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Wildwood Council set to vote on St. Louis City-County merger resolution

By: Mary Shapiro

Wildwood’s City Council is set to vote Aug. 14 on a resolution opposing any merger or reunification of St. Louis City and County.

The council, during a July 24 work session, approved drafting the resolution. In the 13 to 3 vote, councilmembers Debra Smith McCutchen [Ward 5], Jerry Porter [Ward 6] and Don Bartoni [Ward 2] were opposed. McCutchen insisted the city needs to get input from residents, such as through a survey, on their opinion of the issue.

“I’d like to hear what they say before we make a statement,” she said.

To that end, city staff are preparing questions for a resident survey that also will be presented to the council on Aug. 14.

Councilmember Marc Cox [Ward 4], with input from other ouncilmembers, prepared the language of the resolution. It states that the city of Wildwood “stands in opposition to any merger, reunification, re-entry, or similar plan that would combine St. Louis County and St. Louis City.”

Cox said “several groups and multiple influential individuals in St. Louis County and City [are] dedicated to reunification of the city and the county within 12 months.”

“Based on information given to the council on June 26 from our lobbyist, it is also becoming apparent that the quest to achieve reunification or merger or re-entry will likely be a question placed on a statewide ballot – designed specifically to overrule any voices of opposition in St. Louis County,” Cox said. He added that Wildwood incorporated for the express reason of having local control over development, and the size and scope of its local government.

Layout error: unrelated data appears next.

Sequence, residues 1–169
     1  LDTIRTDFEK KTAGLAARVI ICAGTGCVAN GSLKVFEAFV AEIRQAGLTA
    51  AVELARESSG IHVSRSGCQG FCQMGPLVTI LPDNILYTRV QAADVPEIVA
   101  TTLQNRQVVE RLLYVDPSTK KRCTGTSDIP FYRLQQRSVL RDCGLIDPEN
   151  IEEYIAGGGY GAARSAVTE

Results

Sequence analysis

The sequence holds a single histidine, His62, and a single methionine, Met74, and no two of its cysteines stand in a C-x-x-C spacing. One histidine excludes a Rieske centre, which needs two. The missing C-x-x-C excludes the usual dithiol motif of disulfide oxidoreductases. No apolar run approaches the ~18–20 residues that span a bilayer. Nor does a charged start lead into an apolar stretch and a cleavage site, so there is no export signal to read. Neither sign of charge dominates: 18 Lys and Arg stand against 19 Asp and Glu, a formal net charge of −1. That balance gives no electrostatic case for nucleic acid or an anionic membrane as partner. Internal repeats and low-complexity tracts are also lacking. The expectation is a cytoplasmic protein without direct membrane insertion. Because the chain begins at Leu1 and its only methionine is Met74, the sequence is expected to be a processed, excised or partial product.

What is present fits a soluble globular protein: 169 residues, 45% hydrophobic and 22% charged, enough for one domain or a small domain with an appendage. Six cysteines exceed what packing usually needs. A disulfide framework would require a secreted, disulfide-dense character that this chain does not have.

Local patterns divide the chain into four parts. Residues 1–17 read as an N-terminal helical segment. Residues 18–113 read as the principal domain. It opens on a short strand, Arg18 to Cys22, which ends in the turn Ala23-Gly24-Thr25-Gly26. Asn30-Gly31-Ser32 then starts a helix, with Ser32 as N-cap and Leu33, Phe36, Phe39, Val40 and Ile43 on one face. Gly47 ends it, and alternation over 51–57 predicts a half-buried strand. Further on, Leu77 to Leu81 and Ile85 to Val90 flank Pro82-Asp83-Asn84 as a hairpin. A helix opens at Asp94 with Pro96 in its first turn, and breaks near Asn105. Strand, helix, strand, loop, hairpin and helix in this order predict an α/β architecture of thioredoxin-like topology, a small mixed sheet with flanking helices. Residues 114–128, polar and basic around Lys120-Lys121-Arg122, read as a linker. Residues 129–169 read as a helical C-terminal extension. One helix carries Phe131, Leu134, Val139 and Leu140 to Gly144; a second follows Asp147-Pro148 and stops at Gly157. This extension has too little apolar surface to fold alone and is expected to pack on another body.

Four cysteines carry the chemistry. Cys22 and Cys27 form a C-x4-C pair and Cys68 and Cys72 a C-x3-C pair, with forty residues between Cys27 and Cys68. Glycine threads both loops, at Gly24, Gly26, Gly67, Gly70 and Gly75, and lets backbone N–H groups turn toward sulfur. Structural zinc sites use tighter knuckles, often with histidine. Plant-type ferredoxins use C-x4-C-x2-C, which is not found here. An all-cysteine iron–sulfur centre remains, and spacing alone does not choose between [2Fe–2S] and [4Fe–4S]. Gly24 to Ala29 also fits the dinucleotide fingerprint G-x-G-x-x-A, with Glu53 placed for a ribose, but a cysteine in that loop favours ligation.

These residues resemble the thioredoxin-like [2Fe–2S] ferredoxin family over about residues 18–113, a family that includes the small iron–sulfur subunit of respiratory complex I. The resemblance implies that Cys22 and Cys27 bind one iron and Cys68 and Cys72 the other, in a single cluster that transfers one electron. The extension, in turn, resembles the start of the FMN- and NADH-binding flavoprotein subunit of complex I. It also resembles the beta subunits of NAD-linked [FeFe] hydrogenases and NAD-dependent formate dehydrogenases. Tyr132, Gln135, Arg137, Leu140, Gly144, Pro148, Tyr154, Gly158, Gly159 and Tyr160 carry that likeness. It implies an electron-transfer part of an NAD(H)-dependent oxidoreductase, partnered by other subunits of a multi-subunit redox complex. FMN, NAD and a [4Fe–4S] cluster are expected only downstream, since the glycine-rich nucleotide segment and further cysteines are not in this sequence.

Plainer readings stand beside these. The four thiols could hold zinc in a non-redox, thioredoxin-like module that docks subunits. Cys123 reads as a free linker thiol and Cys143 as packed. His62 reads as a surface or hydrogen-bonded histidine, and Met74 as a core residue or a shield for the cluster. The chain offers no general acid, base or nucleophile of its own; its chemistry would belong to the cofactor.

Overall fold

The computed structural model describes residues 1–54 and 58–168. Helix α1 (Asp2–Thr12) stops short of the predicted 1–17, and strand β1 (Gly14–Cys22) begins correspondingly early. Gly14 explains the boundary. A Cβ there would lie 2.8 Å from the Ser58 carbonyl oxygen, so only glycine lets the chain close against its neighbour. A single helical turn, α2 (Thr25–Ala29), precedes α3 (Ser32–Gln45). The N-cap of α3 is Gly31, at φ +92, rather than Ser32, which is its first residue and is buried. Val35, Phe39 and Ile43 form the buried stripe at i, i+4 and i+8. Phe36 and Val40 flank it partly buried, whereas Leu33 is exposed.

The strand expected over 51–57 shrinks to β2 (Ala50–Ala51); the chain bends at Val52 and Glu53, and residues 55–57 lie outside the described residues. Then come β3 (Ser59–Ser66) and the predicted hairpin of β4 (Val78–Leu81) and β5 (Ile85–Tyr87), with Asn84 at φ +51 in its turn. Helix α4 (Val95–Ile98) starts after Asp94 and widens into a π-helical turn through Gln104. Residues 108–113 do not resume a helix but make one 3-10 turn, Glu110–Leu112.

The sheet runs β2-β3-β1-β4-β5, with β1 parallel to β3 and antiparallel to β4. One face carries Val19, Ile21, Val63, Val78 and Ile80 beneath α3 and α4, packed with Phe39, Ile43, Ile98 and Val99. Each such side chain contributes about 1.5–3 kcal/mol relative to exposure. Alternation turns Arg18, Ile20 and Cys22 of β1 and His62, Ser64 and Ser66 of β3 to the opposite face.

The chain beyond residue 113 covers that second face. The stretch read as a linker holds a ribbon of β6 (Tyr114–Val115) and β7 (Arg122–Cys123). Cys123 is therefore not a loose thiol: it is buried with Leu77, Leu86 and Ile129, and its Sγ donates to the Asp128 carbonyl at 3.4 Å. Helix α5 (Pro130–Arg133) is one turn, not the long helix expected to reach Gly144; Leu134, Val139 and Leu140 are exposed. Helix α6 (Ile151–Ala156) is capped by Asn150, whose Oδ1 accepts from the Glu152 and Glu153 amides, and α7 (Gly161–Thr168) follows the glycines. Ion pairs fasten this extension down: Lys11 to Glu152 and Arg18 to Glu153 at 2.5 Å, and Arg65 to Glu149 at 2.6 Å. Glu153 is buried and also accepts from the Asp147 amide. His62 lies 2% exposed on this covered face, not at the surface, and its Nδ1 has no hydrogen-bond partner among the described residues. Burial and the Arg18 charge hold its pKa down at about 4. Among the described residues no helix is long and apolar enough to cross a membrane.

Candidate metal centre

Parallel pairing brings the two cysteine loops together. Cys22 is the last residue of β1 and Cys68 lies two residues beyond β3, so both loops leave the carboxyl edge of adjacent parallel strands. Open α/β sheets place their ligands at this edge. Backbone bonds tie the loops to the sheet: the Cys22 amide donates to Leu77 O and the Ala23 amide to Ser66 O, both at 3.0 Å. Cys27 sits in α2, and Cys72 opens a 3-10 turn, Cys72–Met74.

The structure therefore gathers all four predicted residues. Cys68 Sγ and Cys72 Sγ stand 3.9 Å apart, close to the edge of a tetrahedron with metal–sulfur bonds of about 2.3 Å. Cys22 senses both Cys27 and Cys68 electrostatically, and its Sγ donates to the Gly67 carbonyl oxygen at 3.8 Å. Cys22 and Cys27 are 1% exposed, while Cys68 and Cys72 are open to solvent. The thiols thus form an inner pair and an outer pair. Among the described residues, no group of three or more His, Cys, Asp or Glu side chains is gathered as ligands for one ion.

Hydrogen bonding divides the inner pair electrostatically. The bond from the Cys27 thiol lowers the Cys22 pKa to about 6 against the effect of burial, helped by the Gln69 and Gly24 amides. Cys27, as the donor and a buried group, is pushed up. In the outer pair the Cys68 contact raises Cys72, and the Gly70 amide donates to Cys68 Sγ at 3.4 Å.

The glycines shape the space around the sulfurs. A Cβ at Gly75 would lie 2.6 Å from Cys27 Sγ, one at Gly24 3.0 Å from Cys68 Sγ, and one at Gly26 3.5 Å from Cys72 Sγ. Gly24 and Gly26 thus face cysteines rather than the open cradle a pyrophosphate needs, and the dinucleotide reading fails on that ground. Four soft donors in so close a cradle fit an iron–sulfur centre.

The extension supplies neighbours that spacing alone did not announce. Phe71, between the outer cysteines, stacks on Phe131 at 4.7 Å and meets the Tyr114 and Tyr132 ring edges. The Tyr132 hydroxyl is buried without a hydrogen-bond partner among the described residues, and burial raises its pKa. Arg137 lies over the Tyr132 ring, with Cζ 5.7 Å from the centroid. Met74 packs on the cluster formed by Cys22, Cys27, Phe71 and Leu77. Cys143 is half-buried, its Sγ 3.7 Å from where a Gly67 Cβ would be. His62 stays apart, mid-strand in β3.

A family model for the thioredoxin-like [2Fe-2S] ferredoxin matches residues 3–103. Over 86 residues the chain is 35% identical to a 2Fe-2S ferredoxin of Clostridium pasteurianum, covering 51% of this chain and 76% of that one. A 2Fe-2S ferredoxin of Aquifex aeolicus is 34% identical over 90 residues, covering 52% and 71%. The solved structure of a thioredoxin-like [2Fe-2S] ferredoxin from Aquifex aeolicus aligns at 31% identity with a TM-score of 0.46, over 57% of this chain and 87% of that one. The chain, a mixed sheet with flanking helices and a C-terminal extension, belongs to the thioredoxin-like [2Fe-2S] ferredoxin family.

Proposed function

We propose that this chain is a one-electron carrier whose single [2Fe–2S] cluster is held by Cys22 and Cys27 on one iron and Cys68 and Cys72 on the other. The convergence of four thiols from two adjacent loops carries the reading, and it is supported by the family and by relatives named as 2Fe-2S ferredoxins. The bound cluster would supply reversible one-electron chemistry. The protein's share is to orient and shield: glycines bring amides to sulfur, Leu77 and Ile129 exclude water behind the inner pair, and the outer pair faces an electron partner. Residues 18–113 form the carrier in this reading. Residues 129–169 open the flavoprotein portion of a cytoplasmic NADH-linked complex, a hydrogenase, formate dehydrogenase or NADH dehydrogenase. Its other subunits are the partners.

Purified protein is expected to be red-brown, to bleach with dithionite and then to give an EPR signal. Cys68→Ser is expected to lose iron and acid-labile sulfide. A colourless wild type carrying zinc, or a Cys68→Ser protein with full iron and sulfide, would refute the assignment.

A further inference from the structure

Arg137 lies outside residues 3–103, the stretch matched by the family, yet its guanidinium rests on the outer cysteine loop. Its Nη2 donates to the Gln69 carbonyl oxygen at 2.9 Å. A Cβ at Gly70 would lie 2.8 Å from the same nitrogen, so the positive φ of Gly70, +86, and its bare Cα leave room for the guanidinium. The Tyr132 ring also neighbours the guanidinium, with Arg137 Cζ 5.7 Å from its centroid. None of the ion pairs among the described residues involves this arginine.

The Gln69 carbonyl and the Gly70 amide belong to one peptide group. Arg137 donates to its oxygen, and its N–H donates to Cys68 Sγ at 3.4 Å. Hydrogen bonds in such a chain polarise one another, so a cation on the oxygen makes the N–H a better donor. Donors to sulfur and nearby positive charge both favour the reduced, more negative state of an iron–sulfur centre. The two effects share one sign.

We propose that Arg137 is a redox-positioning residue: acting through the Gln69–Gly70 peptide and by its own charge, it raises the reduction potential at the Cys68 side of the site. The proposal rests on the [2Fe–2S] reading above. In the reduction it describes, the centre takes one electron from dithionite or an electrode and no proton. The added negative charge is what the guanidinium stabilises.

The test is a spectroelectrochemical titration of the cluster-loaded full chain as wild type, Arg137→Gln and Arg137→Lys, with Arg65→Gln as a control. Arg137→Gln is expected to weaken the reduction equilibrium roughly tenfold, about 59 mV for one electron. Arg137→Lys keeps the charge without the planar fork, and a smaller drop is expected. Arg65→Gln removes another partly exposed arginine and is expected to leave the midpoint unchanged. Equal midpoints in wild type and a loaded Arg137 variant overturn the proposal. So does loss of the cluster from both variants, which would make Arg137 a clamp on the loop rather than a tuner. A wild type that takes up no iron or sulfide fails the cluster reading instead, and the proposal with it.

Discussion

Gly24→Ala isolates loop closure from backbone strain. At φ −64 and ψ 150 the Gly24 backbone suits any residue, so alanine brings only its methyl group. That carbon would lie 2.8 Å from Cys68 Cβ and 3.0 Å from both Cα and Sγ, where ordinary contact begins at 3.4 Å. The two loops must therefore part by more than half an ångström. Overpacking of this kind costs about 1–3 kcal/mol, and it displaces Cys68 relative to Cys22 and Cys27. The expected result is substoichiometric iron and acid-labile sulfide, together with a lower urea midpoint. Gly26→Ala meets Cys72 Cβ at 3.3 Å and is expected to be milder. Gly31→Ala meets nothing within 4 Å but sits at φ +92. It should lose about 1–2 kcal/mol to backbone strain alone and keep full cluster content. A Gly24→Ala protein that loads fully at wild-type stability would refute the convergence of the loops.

“Today, that dream is reality, but we could see it all disappear,” he said. “Flowery language in studies by groups like Better Together and St. Louis Strong suggests that hundreds of millions of dollars could be saved in the region when it comes to duplication of services … but if you look closely, they repeatedly mention ‘inequities.’ That’s a wealth transfer … this is a bailout, plain and simple,” Cox said.

“It is imperative that we act quickly to address this issue before it’s too late.”

He said a city survey or public meetings may be more cost effective than a ballot measure. City Attorney John Young also cautioned that the city has no authority to hold advisory elections, the results of which would be nonbinding and that doing so would be inconsistent with the city’s charter.

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